Organisations should set up data governance frameworks, monitor for algorithmic fairness and be ready to add or remove data on different groups in order to eliminate bias in the use of artificial intelligence.
These are just three of the measures included in new draft guidance on the AI auditing framework for which the Information Commissioner’s Office has launched a consultation. The guidance contains advice for understanding data protection law in relation to AI and recommendations for organisational and technical measures to mitigate the risks.
It also provides a methodology to audit AI applications and ensure they process personal data fairly.
The ICO’s guidance follows growing concerns the ethics of using AI systems. The World Economic Forum recently confirmed its intention to develop global rules for AI and create an AI Council that will aim to find common ground on policy between nations on the potential of AI and other emerging technologies.
Meanwhile, the EU has published seven guidelines for the development and implementation of AI ethics as part of its AI strategy, which is targeting investment of €20bn in the technology annually over the next decade.
The ICO guidance investigates the factors behind possible bias in AI, and sets out a number of steps aimed at mitigating the risk. Some of these are preventative; others are focused on detection.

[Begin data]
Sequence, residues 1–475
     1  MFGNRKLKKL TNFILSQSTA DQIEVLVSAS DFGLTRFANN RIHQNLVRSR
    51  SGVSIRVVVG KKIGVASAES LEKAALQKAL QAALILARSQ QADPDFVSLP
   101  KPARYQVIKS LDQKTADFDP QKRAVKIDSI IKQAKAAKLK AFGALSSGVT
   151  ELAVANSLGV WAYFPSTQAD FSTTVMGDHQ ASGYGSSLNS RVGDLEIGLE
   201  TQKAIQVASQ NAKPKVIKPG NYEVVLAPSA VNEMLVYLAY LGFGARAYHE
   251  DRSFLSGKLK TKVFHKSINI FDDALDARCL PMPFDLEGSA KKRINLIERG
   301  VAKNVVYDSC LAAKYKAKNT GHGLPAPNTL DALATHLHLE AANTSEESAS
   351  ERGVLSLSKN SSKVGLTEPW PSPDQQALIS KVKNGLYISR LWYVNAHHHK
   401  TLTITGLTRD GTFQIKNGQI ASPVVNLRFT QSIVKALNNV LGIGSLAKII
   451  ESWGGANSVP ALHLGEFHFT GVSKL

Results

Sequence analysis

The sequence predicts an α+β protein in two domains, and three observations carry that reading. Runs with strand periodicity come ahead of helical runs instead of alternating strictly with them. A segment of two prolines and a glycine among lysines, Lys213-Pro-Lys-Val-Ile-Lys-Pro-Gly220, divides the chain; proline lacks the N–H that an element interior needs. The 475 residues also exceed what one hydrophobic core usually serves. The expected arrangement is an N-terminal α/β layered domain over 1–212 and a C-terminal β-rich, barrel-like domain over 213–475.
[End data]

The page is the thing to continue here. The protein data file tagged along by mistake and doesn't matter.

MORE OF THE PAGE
The guidance also includes proposals to ensure lawfulness, fairness and transparency, assessing security and data minimisation, and enabling individual rights in AI systems.
The ICO said it is looking for feedback from technology specialists, data protection officers, general counsel and risk managers through an online survey.
In a statement, the regulator said: “This is the first piece of guidance published by the ICO that has a broad focus on the management of several different risks arising from AI systems as well as governance and accountability measures. It is essential for the guidance to be both conceptually sound and applicable to real life situations as it will shape how the ICO will regulate in this space. This is why feedback from those developing and implementing these systems is essential.”
The consultation ends on 1st April.